Drowning in data but starved for insights? It's a common problem in the field of workplace safety where having access to a vast amount of injury data is both a blessing and a curse. While this data is a valuable resource, it comes with its own risks, particularly when we lack the proper tools and strategies to effectively analyze and use it.

But there’s hope! By implementing the principles of data rigor, working with leading and lagging indicators, and technology, we can maximize the value of our injury prevention. This enables us to turn the overwhelming amount of data into actionable insights that can help prevent future accidents and injuries.


The principles of data rigor in decision-making

Data rigor is essential for collecting and analyzing high-quality and reliable data to inform decision-making and identify workplace injury risks. To achieve this, it's important to:

  • Set clear goals and objectives
  • Consult with stakeholders
  • Use appropriate tools to analyze data
  • Identify trends, patterns, and insights
  • Continuously collect and analyze data
  • Regularly review and clean data to ensure accuracy
  • Implement data visualization
  • Prioritize relevant data and collaborate with subject matter experts
  • Invest in data analysis training and techniques


Balancing leading and lagging indicators for better insights

Perhaps the most important tool to uncover the value in injury data is utilizing both leading and lagging indicators. Leading indicators are used to detect hazards to prevent injuries before they happen, while lagging indicators analyze past incidents to uncover clues to their root causes. 

Examples of leading indicators include safety engagement discussions with workers, safety-related communication, workplace safety inspections, hazard identification, and interventions to prevent injuries. 

Examples of lagging indicators include the rate and severity of injuries, the number of lost workdays, the rate and cost of workers' compensation claims, and the ongoing number of hazardous movements per hour. 


How technology can help

Technology can be an invaluable tool for collecting data and monitoring performance against leading and lagging indicators. 

For example, in jobs prone to musculoskeletal injuries, we can use wearable movement sensors and AI vision processing technology to measure leading indicators. Wearables provide key data points like hazards by job roles, departments and tasks, and identify workers in need of additional coaching. AI vision processing technology can be used to conduct task risk assessments to identify the body mechanics involved and facilitate interventions.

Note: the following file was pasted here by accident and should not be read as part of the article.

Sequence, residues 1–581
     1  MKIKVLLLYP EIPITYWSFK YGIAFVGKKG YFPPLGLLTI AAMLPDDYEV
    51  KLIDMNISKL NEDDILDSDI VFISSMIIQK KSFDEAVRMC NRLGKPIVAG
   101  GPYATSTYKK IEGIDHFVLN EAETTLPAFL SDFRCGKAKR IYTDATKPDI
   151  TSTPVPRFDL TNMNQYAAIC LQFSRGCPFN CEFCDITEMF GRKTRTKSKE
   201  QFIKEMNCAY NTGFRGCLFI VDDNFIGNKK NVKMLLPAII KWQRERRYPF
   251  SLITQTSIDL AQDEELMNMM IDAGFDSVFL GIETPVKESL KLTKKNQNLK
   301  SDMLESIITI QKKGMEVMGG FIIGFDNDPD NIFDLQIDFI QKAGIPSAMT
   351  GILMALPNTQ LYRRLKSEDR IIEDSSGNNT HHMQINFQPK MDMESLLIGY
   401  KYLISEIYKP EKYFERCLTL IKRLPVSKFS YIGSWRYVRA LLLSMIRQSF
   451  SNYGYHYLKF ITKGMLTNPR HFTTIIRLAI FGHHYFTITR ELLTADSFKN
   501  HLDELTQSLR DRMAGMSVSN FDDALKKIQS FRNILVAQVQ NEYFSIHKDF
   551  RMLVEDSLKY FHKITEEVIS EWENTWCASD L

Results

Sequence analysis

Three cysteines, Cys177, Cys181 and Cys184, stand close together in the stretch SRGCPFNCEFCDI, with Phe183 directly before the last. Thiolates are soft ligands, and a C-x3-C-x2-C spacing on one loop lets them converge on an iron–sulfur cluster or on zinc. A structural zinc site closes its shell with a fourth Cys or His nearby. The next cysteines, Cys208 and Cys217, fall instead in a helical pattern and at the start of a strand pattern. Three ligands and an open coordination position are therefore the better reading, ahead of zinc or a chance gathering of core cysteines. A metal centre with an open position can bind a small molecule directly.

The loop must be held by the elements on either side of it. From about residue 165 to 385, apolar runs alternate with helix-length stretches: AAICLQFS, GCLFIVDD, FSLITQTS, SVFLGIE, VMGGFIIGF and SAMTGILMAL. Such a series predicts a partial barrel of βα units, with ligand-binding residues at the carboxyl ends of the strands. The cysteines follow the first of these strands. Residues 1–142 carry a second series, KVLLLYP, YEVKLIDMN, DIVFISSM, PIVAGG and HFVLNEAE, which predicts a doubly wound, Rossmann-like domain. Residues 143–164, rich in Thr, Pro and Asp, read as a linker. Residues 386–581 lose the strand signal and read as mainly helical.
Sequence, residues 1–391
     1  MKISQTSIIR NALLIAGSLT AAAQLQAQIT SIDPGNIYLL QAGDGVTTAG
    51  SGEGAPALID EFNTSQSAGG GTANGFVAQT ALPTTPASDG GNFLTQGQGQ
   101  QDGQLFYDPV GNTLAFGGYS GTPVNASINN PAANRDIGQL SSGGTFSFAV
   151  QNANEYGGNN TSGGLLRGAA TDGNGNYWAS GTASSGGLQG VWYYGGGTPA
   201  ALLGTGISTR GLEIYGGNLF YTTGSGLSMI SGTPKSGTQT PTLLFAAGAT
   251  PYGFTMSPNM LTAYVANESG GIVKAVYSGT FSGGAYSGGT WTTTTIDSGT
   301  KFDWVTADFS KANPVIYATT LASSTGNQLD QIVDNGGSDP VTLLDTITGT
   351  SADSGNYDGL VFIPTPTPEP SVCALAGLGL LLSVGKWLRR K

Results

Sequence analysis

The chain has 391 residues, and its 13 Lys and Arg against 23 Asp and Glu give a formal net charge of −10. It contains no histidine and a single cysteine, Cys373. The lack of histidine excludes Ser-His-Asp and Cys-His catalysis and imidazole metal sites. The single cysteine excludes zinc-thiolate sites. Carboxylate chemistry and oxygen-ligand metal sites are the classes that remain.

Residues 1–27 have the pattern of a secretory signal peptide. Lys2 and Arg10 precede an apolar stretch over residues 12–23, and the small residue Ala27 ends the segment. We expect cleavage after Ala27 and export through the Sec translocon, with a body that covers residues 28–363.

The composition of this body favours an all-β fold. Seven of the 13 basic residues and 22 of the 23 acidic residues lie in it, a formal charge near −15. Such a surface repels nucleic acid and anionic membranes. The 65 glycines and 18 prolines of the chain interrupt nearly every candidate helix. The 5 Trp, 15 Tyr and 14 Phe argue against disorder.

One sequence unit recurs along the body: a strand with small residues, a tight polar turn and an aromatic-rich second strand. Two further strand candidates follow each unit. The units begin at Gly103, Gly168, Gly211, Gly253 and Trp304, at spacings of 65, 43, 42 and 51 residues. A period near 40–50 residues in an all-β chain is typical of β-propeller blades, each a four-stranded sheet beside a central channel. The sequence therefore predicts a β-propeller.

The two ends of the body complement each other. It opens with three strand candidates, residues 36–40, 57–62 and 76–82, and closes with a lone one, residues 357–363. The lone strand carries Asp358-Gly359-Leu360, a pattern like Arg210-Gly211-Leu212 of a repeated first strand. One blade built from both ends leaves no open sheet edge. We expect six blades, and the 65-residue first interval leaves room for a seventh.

The resulting insights promote action through encouraging safety engagement, identifying coaching needs, facilitating efficient inspections and interventions, and mitigating risks. Collecting data on these activities helps measure performance against leading indicators.

To measure the effectiveness of a safety program, we need to work with lagging indicators as a baseline. For example, an increase in musculoskeletal injury rates may indicate the need for implementing technology such as wearables and vision processing. By tracking lagging indicators such as injury rates, lost workdays, and claims, we can measure the success of the interventions and technology.

Wearables can collect data on the number of hazardous movements per hour, which is a useful lagging indicator. A sustained reduction in hazardous movements indicates a successful safety program.

By enlisting the help of both leading and lagging indicators, we can build a holistic approach to workplace safety that safeguards the well-being of all. 


From data to action

With all the data that can be collected and analyzed, it's easy to become overwhelmed and lost in the sea of information. But simply collecting and analyzing data isn't enough to improve workplace safety. The real value of data lies in using it to inform action

The hierarchy of controls provides a structured approach to convert data insights into effective actions that reduce the risk of injuries. By using the insights obtained from our data we can work through each level of the hierarchy of controls, ensuring that actions are targeted, effective, and data-driven.


Advancing data analytics: Moving towards sophistication

To effectively turn data into action, it's important to understand the different stages of analytics sophistication. The PwC's model describes four stages: descriptive, diagnostic, predictive, and prescriptive. 

Beginning with basic reporting on safety incidents, we can advance to using diagnostic analytics to merge multiple datasets and identify correlations between worker behavior and workplace accidents. Predictive analytics can be used to understand factors that contribute to incidents, and ultimately, optimization of analytics can help make data-driven decisions to optimize safety functions. 

By assessing the stage of analytics sophistication maturity, we can identify opportunities to grow and improve in gathering actionable data to prevent injuries and reduce costs.

Key takeaways for successful data analysis

Looking towards the future, effective data analysis is crucial in preventing injuries, reducing costs, and retaining staff in the current labor shortage crisis. By establishing data rigor, working with leading and lagging indicators, utilizing wearable technology and AI, and working through the hierarchy of controls, we can gather rich, actionable data and turn insights into actions. 

As data analytics continue to evolve and mature, we must strive to move towards predictive and prescriptive analytics to optimize safety functions and make data-driven decisions. With a carefully considered plan, we can stay ahead of the curve and ensure a safe and productive workplace for all.